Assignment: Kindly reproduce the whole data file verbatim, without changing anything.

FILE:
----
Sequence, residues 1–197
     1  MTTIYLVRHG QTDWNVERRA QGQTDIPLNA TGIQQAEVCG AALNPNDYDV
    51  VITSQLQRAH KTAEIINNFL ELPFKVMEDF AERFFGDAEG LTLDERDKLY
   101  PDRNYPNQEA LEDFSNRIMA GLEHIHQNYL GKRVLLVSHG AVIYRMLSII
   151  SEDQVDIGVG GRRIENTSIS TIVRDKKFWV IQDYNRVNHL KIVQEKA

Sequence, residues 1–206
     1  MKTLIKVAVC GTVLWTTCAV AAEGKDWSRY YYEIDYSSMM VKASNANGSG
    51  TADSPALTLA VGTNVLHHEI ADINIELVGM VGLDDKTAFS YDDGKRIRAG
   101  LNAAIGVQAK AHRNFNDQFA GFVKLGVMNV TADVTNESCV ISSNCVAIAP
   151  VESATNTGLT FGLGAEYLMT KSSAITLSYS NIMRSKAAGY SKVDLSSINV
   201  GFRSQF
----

Sequence, residues 1–197
     1  MTTIYLVRHG QTDWNVERRA QGQTDIPLNA TGIQQAEVCG AALNPNDYDV
    51  VITSQLQRAH KTAEIINNFL ELPFKVMEDF AERFFGDAEG LTLDERDKLY
   101  PDRNYPNQEA LEDFSNRIMA GLEHIHQNYL GKRVLLVSHG AVIYRMLSII
   151  SEDQVDIGVG GRRIENTSIS TIVRDKKFWV IQDYNRVNHL KIVQEKA

Sequence, residues 1–206
     1  MKTLIKVAVC GTVLWTTCAV AAEGKDWSRY YYEIDYSSMM VKASNANGSG
    51  TADSPALTLA VGTNVLHHEI ADINIELVGM VGLDDKTAFS YDDGKRIRAG
   101  LNAAIGVQAK AHRNFNDQFA GFVKLGVMNV TADVTNESCV ISSNCVAIAP
   151  VESATNTGLT FGLGAEYLMT KSSAITLSYS NIMRSKAAGY SKVDLSSINV
   201  GFRSQF